Michael Conrad


Math::InterpolationCompiler - Compile interpolations into perl coderefs


version 0.002000


  my $fn= Math::InterpolationCompiler->new(
    domain        => [ 1,   2,   3,   4,   5    ],
    range         => [ 1.9, 1.3, 1.2, 1.1, 1.05 ],
    algorithm     => 'linear',
    beyond_domain => 'die',
  print $fn->(3);   # 1.2
  print $fn->(3.5); # 1.15
  print $fn->(9);   # throws exception
  # The generated code:  (whitespace added for readability)
  # sub {
  #   my $x= shift;
  #   return $x < 4?
  #     ( $x < 2?
  #        ( $x < 1? (croak "argument out of bounds (<1)") : ($x * -0.6 + 2.5) )
  #       :( $x < 3? ($x * -0.1 + 1.5) : ($x * -0.0999999999999999 + 1.5) )
  #     )
  #     :( $x < 5?
  #        ( $x * -0.05 + 1.3)
  #       :( $x == 5? (1.05) : croak "argument out of bounds (>5)" )
  #     );
  # }


This module is much the same theme as Math::Interpolate and Math::Interpolator::Linear but it compiles the interpolations into actual Perl code, and pre-calculates all the numbers so that the end result is Log2(N) comparisons and a multiply and an add, all done at the interpreter level. This makes it very fast for repeated calls.

Use this module if you have a few smallish data plots which you want to evaluate very quickly over and over again.

DO NOT use this module if you have an extremely large data array that changes frequently, if your data points are not plain scalars, or if you are extremely worried about code-injection attacks. (this module sanitizes the numbers you give it, but it is still generating perl code and in security-critical environments with untrusted input your best bet is to just avoid all string evals).

This generator is written as a Perl object which produces a coderef. This makes the generator easy to extend and re-use pieces for various goals. However the OO design is somewhat unnecessary, and really just a convenient implementation thanks to Moo. In other words, the object doesn't have much use other than performing a one-time job.



The input values ('x') of the function. Domain must be sorted in non-decreasing order. Repeated values can represent discontinuities in the line.


The output values ('y') of the function.


The name of the algorithm to create:


Create a linear interpolation, where an input ('x') is matched to the domain interval containing that value, and the return value is

  y = x * (y_next - y_prev) / (x_next - x_prev)

If a domain 'x' coordinate is specified more than once (describing infinite slope) it is treated as a discontinuity. The 'x' values less than the discontinuity are interpolated using the segment before the discontinuity, and the 'x' values equal or greater than the discontinuity use the segment after the discontinuity.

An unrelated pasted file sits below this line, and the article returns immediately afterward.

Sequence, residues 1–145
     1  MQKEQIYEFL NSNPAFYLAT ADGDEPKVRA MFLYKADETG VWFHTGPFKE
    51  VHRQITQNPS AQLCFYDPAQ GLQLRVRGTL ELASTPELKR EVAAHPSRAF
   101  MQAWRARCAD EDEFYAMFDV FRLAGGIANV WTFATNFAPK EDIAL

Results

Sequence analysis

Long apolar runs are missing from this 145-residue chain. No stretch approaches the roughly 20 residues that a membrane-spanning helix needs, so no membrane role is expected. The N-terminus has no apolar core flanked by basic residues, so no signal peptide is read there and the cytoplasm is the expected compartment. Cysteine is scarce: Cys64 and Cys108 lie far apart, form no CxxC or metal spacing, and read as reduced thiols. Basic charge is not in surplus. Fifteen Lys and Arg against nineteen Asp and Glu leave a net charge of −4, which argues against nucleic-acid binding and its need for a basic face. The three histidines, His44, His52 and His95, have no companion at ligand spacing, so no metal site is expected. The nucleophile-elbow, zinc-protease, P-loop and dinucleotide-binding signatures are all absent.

# domain => [ 1, 2, 2, 3 ],
  # range  => [ 0, 0, 1, 2 ],
  $fn->(1);   # equals 0
  $fn->(1.9); # equals 0
  $fn->(2);   # equals 1
  #fn->(3);   # equals 2

When beyond_domain is 'extrapolate' and a discontinuity occurs at the edge of the domain, the slope of the imaginary line outside of the domain is considered to be 0 (causing an effect like beyond_domain => 'clamp').


  # points => [[0,0], [0,1]]
  # beyond_domain => 'extrapolate'
  $fn->(x) # equals 0 for x < 0 and 1 for x >= 0


The behavior of the generated function when an input value ('x') lies outside the domain of the function.


Constrain 'x' to the valid domain of the function.


Extrapolate the curve at the nearest edge of the domain. Details of the extrapolation depend on the 'algorithm' being used.


Return undef for any 'x' outside the domain of the function.


Die with an error for any 'x' outside of the domain of the function.


Lazy-build the perl code for this function using the other attributes. Returns a string of perl code.


Lazy-build the perl coderef for the perl_code attribute.


Boolean. Whether or not to sanitize the domain and range with a 'number' regex during the constructor. Defaults to true.

Setting this to false leaves you open to code injection attacks, but you might choose to do that if you trust your input and you need a little performance boost on constructing this object.



Standard object constructor accepting any of the above attributes, but also accepting:

  ->new( points => [ [1,1], [2,2], [3,2], ... ] );
  # or
  ->new( points => [ 1 => 1, 2 => 2, 3 => 2, ... ] );

For convenience, you can specify your domain and range as an arrayref of (x,y) pairs. During BUILDARGS, this will get separated into the domain and range attributes. The pairs can either be individual arrayrefs, or just odd/even elements of a single arrayref (but not a mix of the two).


This module contains a few exportable functions for convenience.


  $fn= linear_clamp_fn( \@points )
  # equivalent to:
  $fn= Math::InterpolationCompiler->new(
      algorithm => 'linear',
      beyond_domain => 'clamp',
      points => \@points


  $fn= linear_clamp_fn( \@points )
  # equivalent to:
  $fn= Math::InterpolationCompiler->new(
      algorithm => 'linear',
      beyond_domain => 'extrapolate',
      points => \@points


Michael Conrad <mike@nrdvana.net>


This software is copyright (c) 2015 by Michael Conrad.

This is free software; you can redistribute it and/or modify it under the same terms as the Perl 5 programming language system itself.